We can save a customer roughly $200-$300 by just getting no-name brand boxes like shuttle, etc, over IBM/HP. It's something we're seriously considering.
  • Anonymous User - Wednesday, October 22, 2003 - link

    Regarding the mysterious lower performance of the IBM S50, I think the clue must be the memory speed because 320MHz memory is bizarre when dual 400MHz is the design for this processor. This means one of two things...

    1) Asynchronous mode - if the S50 uses asynchronous memory timing, we all know that this reduces performance. We've seen many tests where 266 MHz synchronous is faster than 333MHz asynchronous. Also, to my knowledge, the P4 3.2 is made for dual channel 400MHz (800MHz effective) so running a 320MHz DIMM in single channel (320MHz) or dual channel (640MHz) mode WILL DEFINITELY hurt performance since the long pipelines in the P4 and the very high 3.2GHz speed are very dependent on avoiding any kind of wait on memory (a lower speed P4 such as 2GHz would be affected less). If true, this would be a double oversight.


    2) Synchronous mode - if the S50 uses dual channel memory in synchronous mode and they limit the speed of each bank to 320 MHz, then the fixed multiplier of the CPU must result in an actual CPU clock speed of 2.56 GHz rather than 3.20 GHz. If true, this is a simple case of underclocking.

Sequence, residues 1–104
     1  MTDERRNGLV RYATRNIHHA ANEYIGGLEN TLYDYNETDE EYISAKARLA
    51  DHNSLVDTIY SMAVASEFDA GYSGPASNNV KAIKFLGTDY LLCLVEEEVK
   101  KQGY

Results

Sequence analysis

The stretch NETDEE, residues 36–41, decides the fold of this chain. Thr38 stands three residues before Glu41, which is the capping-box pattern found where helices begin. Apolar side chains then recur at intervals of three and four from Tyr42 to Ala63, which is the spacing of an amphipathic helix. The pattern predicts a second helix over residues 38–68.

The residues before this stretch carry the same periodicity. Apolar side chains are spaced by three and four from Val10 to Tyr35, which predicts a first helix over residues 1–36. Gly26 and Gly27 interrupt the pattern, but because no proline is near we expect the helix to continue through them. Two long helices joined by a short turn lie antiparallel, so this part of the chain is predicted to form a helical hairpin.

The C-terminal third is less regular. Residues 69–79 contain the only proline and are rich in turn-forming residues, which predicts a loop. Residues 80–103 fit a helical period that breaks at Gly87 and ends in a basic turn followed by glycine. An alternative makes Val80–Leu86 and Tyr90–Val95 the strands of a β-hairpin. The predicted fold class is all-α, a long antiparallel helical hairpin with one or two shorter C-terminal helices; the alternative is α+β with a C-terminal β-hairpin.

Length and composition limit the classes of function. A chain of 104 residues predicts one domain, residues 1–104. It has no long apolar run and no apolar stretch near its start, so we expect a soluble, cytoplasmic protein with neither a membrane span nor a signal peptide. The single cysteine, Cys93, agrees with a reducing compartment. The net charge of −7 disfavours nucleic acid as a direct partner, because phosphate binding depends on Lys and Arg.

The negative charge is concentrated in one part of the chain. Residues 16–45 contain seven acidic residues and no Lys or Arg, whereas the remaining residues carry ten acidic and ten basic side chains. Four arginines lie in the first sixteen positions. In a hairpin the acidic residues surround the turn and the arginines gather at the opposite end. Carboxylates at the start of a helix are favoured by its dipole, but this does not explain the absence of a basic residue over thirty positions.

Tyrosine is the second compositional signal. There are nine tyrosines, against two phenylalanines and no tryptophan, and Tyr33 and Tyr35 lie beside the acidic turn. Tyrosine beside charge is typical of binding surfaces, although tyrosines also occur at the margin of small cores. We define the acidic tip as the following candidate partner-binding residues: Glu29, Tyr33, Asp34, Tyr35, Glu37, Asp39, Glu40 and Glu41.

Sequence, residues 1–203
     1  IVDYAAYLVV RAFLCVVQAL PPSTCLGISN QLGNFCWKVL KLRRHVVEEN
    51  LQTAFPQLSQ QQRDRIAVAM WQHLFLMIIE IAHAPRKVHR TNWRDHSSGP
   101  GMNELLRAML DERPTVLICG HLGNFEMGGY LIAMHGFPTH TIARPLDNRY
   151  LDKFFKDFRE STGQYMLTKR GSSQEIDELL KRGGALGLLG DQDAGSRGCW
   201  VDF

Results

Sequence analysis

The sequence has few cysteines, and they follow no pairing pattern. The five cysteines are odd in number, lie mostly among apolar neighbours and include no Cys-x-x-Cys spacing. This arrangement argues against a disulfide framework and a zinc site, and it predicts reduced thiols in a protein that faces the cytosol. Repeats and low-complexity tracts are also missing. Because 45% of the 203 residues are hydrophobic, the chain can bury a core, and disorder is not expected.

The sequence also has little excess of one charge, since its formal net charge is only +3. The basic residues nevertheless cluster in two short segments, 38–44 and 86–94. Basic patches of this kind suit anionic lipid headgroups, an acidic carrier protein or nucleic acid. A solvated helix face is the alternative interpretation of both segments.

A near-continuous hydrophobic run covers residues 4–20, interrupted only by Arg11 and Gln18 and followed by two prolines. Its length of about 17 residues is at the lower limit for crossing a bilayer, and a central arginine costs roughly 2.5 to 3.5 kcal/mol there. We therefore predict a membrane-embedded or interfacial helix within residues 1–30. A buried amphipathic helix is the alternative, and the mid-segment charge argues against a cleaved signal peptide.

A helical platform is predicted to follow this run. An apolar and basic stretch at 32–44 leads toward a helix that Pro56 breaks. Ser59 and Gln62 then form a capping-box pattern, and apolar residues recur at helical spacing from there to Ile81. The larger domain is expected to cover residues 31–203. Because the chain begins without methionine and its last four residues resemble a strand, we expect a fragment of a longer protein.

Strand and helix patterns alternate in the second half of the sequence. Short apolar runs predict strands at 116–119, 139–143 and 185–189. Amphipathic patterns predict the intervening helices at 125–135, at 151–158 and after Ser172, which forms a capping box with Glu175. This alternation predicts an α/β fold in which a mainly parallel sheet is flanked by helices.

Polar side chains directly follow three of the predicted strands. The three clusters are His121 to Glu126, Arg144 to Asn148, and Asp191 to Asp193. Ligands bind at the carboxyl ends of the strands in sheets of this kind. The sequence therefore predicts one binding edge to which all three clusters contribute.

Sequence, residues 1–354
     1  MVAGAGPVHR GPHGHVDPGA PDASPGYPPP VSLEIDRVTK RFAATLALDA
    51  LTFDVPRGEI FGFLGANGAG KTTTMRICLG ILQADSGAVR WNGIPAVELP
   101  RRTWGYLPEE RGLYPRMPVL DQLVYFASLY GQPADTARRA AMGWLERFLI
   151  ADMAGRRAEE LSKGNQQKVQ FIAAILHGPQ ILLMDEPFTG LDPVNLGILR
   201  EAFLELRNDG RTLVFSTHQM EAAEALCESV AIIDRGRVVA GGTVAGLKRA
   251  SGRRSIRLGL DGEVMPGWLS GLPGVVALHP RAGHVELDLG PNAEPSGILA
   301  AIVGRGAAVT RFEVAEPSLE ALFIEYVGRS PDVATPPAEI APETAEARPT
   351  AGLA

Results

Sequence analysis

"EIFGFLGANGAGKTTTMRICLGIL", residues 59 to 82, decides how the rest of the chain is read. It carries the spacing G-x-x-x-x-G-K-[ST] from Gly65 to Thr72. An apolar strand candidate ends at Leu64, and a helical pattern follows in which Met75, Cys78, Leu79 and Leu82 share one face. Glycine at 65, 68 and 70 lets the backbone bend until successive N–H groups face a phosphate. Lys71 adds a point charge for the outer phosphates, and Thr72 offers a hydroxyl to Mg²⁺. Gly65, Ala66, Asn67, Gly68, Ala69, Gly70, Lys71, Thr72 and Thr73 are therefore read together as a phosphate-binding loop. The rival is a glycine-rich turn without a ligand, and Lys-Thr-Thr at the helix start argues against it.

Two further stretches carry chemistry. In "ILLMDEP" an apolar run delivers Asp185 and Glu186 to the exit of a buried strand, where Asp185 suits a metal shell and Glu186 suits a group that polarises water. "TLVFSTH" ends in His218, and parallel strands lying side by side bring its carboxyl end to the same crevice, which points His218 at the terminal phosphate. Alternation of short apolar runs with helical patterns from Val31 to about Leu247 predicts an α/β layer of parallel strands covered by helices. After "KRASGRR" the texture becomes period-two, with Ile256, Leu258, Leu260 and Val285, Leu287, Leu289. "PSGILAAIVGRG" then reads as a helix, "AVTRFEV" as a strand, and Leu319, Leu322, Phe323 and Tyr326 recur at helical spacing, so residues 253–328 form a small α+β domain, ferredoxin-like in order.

Either way this is a strange decision by IBM.

    --charlesz (waiting on my AnandTech password).
  • Wesley Fink - Wednesday, October 22, 2003 - link

    As stated in the review, stability and trouble-free operation are MUCH more important to IT Departments than performance will ever be. We did not test the IBM S50 as we would an Enthusiast machine since that is not appropriate. In fact, we ONLY ran Content Creation and General Usage benchmarks because these are made up of the kinds of applications Corporations normally use on their desktops. The IBM was at least 10 to 20% slower in those benchmarks than any other 865/865G we have tested. That is significant enough that we think it WILL interest some, if not all, IT departments.

    The IBM deserves the praise we gave on Engineering and low noise levels, but someone should be questioning the dismal performance we found in Corporate applications suites. If my IT department specified 3.2GHz P4s I would certainly expect to see performance in that neighborhood, and not performance more typical of a 2.6GHz CPU.

Log in

Don't have an account? Sign up now